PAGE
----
The Lincoln Square residents who gather each summer Tuesday at the neighborhood farmers’ market, in the shadow of the el stop at Western Avenue just below Lawrence, are surely as familiar with another neighborhood amenity a few blocks southeast down Lincoln Avenue. But what few may know about their handsome regional library is that Conrad Sulzer, for whom it’s named, was a Swiss immigrant who more than 160 years ago raised vegetables and flowers in fields a little further south and east, in the area now sometimes called Ravenswood.
Sulzer carted his produce into Chicago (which only came as far north as North Avenue) for sale, just as farmers from Indiana, Michigan, and rural Illinois today bring theirs to Lincoln Square.
By rights, Lincoln Square—and North Center to the south of it—could be known as Celeryville or Pickletown. By the mid-19th century some local farmers were boasting that they served as the celery capital of the United States. Other farmers, including the brothers Lyman and Joseph Budlong, grew cucumbers and other vegetables that they pickled at their factory at Lincoln and Berwyn. The growing German and Polish populations provided a ready market for the pickles, and the booming Budlong operations grew to include extensive greenhouses, which extended the local growing season.
Celeryville and Pickletown didn’t make the cut, but if you were to tour the area bounded on the north by Peterson Avenue, on the east by Ravenswood, on the south by Diversey Avenue, and on the west by the Chicago River asking people where they live, you’d get a different answer almost every time. You’d hear Ravenswood, Welles Park, Saint Ben’s, Bowmanville, Rosehill, and more. Those names persist, but in the 1920s sociologists from the University of Chicago surveyed the city with its Department of Public Health to identify “natural areas” that could be used for statistical purposes, and today’s North Center and Lincoln Square became two of the 77 community areas defined by that campaign. Each was assembled from a cluster of dissimilar settlements, and each was profoundly shaped by the river, the railroads, and the elevated lines.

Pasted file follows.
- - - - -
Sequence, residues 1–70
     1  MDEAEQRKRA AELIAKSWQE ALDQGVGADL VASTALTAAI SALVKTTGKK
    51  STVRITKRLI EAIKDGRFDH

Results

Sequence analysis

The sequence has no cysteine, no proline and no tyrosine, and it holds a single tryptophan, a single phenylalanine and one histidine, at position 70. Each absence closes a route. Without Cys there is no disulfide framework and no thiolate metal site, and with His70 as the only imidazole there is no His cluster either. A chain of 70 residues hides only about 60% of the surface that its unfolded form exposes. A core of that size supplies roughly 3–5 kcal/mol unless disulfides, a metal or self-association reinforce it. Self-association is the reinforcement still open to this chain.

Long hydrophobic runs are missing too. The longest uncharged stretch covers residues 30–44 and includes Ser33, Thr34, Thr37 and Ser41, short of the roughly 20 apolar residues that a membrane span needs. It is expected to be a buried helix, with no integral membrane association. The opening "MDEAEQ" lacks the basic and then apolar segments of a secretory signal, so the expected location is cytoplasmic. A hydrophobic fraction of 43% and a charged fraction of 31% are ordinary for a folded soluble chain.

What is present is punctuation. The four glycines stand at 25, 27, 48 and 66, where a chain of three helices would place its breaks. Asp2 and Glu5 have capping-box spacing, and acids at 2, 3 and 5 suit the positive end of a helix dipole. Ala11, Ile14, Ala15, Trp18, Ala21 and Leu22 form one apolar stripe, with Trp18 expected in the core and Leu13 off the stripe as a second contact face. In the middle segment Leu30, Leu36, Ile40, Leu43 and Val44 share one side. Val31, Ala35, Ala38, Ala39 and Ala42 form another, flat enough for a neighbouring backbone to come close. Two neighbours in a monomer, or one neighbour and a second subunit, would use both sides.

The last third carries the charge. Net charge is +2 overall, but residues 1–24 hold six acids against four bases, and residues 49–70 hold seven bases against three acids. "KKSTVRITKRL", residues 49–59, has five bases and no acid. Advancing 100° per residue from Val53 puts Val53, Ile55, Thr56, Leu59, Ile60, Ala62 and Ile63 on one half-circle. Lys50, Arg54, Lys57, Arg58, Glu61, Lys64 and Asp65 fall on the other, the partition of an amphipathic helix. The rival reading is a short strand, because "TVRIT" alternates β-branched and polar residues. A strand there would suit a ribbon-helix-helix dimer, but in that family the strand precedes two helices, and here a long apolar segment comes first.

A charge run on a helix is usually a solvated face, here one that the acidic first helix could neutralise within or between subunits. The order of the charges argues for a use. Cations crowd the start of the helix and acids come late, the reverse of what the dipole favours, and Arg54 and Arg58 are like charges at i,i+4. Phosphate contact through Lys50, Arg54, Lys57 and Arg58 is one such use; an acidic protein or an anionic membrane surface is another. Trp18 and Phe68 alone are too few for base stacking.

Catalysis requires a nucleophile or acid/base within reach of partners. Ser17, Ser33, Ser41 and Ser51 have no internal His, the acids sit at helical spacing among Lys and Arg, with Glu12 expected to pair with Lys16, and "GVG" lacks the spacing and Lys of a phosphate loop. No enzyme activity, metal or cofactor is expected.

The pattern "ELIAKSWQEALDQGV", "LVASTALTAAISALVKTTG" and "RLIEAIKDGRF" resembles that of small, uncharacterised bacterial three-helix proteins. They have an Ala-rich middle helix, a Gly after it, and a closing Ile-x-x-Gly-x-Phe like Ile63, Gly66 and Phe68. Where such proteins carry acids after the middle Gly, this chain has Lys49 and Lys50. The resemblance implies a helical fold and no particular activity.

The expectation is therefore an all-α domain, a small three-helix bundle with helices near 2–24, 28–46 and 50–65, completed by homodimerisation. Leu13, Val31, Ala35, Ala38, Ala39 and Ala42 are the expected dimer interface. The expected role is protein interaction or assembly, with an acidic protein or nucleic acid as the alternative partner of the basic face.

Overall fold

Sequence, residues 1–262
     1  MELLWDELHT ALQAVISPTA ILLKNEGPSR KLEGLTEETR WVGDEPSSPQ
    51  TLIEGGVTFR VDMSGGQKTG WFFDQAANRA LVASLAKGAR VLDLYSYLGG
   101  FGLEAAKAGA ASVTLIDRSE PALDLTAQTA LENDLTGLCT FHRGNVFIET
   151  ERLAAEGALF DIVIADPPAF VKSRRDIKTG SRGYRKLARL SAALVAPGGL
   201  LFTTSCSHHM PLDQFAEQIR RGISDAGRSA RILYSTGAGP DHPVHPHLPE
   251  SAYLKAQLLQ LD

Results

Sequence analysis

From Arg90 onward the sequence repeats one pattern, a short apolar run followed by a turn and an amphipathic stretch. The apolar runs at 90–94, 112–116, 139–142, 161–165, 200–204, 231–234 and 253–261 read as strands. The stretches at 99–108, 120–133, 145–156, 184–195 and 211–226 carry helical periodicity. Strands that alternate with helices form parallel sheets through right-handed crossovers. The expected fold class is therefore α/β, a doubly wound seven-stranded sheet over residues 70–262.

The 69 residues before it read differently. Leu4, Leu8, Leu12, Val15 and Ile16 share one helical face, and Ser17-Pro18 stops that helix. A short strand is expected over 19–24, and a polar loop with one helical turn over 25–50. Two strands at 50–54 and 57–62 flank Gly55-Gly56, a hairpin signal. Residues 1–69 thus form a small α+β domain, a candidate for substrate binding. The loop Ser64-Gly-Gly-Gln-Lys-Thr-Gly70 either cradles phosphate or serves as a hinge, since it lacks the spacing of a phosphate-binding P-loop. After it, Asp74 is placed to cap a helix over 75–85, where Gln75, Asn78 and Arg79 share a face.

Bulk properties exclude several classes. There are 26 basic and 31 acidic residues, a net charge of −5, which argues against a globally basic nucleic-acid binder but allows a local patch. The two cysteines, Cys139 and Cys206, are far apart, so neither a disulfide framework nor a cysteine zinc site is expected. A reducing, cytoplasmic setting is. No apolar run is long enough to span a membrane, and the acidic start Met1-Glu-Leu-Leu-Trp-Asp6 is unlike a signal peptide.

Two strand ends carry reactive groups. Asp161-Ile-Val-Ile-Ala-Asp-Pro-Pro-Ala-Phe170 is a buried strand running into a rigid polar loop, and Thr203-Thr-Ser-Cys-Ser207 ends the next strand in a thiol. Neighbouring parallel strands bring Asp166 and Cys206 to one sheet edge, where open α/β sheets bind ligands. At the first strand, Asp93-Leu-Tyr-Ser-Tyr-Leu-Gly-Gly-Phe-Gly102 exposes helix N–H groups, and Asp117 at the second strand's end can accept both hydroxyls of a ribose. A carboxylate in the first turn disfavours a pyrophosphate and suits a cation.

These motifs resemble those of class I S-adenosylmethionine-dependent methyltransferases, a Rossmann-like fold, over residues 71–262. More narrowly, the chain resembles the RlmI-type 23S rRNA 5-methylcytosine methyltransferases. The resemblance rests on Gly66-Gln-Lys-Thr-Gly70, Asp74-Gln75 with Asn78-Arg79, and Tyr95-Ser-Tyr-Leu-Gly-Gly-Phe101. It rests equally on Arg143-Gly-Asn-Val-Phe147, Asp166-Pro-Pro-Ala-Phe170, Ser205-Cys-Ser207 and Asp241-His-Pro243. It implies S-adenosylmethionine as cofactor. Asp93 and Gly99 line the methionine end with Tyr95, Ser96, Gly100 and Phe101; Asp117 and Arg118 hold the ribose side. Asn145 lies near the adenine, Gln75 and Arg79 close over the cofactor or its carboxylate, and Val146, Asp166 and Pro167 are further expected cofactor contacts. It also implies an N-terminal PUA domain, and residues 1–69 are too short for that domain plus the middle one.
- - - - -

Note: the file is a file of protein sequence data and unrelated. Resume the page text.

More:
The land that farmers from England, Germany, and Luxembourg claimed in the 1840s had been Potawatomi fields. Lincoln Avenue was then Little Fort Road (its name a reference to its endpoint in Waukegan), traveled by farmers hauling their crops down to the city. When the Chicago and North Western Railroad laid the tracks in 1854 that would define the eastern boundary of North Center and Lincoln Square, farmers began to send their crops into Chicago by rail.
The railroad also led to the establishment of one of the Chicago area’s first commuter suburbs. In 1868 the Ravenswood Land Company, formed by a group of Chicago businessmen, began acquiring acreage—including 40 acres from the Sulzer estate—on either side of the railroad around Wilson Avenue. The company subdivided the land, put up the Sunnyside Hotel to attract visitors, and put in a station to serve workers with jobs downtown. They were speculating, but they wagered well: lots that sold for $4 to $8 a foot in 1869 were worth between $20 and $30 a foot in 1874.
Everett Chamberlin, a local real estate agent who in 1874 wrote a book called Chicago and Its Suburbs, listed Ravenswood as one of the area’s up-and-coming communities and noted that it had 75 commuters making the 20-minute trip into Chicago. In the decades after the Civil War Ravenswood’s wealthy businessmen—among them wholesale grocers, manufacturers, real estate agents, and lawyers—kept pace with Hyde Park, Irving Park, Evanston, Oak Park, and Hinsdale by building two- and three-story Queen Anne and Victorian frame houses complete with indoor plumbing. In 1898, when Arthur Tebbets and Frank M. Simons published a History of Ravenswood, they described the area as “one of the finest suburbs in the city.” Walk today along Wilson, Kedzie, Leland, or Greenview and you’ll see some of these homes.